Alcohol is behind hundreds of thousands of hospital admissions in England every year, research suggests.
NHS Digital data shows drinking excessively was the “main reason” for 380,000 hospitalisations in 2018/19.
This is 6% higher than 2017/18 and a 19% increase on a decade ago, statistics show.
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Alcohol affects “almost every part of your body”, according to the NHS.
One heavy night puts a drinker at risk of accidents, unsafe sex and a nasty hangover the next day.
Overtime, excessive alcohol consumption can damage organs and weaken the immune system.
It has also been linked to a range of conditions, including liver disease, high blood pressure, breast cancer and infertility to name a few.
Men and women are both advised to have no more than 14 units of alcohol a week.
While it comes down to the size of the glass and strength of the tipple, this equates to around six glasses of wine, six pints of beer and 14 glasses of spirits.
Overall, the NHS data shows alcohol-related admissions made up 2% of hospitalisations in 2018/19, the same as the year before.
Men comprised nearly two-thirds (62%) of cases, while 40% were aged between 45 and 64.
These figures are based on incidences where an “alcohol-related disease, injury or condition was the primary reason for a hospital admission or there was an alcohol-related external cause”.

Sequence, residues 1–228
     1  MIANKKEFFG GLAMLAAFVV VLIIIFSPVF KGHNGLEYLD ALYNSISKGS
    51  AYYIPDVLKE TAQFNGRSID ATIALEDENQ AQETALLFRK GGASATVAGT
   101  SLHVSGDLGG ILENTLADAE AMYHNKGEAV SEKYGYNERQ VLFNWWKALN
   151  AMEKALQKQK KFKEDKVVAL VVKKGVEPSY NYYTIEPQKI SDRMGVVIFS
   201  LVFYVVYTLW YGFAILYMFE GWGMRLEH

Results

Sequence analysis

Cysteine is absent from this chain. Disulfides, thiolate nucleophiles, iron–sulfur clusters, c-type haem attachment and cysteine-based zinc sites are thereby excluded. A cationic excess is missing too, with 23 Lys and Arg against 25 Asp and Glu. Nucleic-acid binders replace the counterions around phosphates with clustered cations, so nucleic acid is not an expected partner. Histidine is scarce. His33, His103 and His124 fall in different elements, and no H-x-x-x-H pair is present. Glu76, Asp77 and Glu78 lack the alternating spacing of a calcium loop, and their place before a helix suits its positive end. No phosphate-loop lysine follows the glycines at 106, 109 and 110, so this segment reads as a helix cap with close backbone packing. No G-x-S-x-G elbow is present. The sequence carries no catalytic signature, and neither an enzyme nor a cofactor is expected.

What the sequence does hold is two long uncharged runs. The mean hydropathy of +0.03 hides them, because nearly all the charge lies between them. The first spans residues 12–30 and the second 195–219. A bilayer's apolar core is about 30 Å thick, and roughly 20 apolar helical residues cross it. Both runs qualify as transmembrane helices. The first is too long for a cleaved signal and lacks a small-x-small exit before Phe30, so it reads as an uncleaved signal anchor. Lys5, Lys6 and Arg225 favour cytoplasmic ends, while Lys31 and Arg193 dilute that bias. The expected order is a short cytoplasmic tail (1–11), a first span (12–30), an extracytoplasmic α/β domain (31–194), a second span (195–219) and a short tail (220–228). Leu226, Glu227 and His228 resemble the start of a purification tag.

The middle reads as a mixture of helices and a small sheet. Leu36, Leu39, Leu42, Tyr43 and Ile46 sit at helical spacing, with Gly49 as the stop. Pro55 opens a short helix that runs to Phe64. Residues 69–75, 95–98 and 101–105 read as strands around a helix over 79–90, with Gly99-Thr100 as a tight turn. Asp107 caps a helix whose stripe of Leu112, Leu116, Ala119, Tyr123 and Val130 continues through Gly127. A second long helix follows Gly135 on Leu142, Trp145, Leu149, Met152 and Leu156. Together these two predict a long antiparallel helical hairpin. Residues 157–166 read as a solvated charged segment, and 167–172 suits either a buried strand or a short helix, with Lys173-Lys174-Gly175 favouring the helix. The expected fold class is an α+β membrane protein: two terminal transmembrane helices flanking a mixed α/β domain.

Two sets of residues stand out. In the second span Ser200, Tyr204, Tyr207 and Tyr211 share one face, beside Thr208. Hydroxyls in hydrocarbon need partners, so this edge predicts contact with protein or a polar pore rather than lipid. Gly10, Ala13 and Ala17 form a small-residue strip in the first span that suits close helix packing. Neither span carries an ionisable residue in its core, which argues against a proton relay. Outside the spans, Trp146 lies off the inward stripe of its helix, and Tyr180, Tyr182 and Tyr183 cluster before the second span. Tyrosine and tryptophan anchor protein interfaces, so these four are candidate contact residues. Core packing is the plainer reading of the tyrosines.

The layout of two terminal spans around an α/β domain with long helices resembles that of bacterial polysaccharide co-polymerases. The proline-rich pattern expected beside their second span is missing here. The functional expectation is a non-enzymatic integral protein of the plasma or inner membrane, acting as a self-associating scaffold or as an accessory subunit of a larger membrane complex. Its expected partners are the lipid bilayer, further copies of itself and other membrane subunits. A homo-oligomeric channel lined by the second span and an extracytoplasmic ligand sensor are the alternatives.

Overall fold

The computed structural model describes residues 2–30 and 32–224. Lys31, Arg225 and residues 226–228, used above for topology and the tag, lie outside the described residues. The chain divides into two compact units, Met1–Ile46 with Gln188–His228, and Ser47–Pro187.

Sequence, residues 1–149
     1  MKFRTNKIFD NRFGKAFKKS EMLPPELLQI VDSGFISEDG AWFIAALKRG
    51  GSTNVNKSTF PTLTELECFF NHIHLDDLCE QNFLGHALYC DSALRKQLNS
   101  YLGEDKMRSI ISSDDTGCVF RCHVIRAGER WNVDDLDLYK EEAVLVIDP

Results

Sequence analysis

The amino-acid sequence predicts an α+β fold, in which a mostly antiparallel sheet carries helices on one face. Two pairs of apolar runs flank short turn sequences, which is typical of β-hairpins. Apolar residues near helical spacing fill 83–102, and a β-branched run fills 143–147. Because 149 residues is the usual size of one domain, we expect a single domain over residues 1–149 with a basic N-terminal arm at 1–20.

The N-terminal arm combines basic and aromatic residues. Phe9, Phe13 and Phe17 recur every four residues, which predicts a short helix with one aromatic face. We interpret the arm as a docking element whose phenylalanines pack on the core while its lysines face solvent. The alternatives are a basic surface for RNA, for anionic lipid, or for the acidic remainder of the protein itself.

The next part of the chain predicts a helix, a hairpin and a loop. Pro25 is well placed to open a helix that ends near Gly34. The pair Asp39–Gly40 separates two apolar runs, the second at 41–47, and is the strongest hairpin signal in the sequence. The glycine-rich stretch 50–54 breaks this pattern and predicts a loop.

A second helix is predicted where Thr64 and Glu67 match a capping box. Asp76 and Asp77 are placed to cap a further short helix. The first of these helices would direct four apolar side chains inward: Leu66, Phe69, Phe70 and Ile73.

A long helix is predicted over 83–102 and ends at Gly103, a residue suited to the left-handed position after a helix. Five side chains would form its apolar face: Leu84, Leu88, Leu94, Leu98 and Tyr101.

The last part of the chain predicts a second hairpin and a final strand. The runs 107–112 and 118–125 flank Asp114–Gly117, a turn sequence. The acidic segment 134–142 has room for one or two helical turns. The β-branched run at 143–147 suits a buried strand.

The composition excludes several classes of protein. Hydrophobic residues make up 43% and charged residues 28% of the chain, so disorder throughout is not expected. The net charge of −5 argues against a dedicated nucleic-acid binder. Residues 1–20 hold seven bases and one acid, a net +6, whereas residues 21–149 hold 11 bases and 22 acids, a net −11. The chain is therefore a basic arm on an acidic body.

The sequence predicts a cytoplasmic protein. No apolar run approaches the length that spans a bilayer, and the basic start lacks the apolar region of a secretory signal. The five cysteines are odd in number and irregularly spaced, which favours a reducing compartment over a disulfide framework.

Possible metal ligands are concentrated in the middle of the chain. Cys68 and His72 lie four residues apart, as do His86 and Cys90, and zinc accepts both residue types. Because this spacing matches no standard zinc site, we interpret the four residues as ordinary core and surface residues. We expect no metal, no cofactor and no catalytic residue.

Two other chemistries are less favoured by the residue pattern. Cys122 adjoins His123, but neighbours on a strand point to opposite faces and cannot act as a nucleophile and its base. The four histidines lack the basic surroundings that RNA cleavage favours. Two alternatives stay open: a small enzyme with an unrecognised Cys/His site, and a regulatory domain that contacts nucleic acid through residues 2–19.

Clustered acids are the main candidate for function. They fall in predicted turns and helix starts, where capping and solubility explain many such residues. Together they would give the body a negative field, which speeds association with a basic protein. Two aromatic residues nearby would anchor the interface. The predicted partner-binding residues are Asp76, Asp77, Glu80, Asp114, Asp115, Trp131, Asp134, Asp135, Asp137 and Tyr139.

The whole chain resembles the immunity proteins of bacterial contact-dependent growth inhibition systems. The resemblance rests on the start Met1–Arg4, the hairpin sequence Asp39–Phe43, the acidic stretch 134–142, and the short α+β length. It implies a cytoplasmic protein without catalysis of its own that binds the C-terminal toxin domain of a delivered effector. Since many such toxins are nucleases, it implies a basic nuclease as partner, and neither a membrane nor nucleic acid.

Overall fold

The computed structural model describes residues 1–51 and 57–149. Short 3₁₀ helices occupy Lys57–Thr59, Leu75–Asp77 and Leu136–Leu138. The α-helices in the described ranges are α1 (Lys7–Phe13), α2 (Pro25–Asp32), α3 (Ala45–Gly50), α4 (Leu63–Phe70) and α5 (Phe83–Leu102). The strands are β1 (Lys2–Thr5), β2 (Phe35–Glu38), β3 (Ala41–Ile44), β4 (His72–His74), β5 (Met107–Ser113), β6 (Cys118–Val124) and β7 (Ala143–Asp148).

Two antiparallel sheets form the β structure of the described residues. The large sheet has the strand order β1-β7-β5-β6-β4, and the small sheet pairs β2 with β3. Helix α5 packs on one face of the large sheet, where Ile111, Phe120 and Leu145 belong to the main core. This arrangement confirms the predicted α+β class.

When looking more broadly at other conditions indirectly caused by alcohol, excessive drinking made up 1.3 million admissions in 2018/19 - 7% of all hospitalisations.
This is an 8% increase on 2017/18.
In better news, alcohol-related deaths declined by 2%.
In those that did occur, more than three quarters (77%) of the deceased were aged 40-to-69.
The middle-aged were found to be the most likely to drink too much, with 38% of men and 19% of women aged 55-to-64 “usually” consuming more than 14 units a week.
“Historically one of the biggest barriers to comprehensive alcohol strategies has been a reluctance to put people above profits,” Laura Bunt, acting CEO of the UK charity Addaction, said.
“While there needs to be a national strategy, we can see from these statistics the group most at risk are older adults.
“We've learnt from our services that as people age, big life events such as divorce, bereavement, financial issues or even retirement can leave people feeling isolated and unable to cope.
“What’s more, harmful alcohol use among older adults is often a hidden problem, with many drinking at home alone instead of out and socialising.
“Any alcohol strategy needs to recognise the specific needs of this group and tackle the reasons why someone might be drinking more instead of just the drinking itself.”